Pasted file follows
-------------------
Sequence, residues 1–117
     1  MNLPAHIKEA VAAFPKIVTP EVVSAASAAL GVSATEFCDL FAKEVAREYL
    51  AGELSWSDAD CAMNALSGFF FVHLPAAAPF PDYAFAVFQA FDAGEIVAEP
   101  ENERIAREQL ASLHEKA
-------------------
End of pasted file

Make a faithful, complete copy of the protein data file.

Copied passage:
Sequence, residues 1–117
     1  MNLPAHIKEA VAAFPKIVTP EVVSAASAAL GVSATEFCDL FAKEVAREYL
    51  AGELSWSDAD CAMNALSGFF FVHLPAAAPF PDYAFAVFQA FDAGEIVAEP
   101  ENERIAREQL ASLHEKA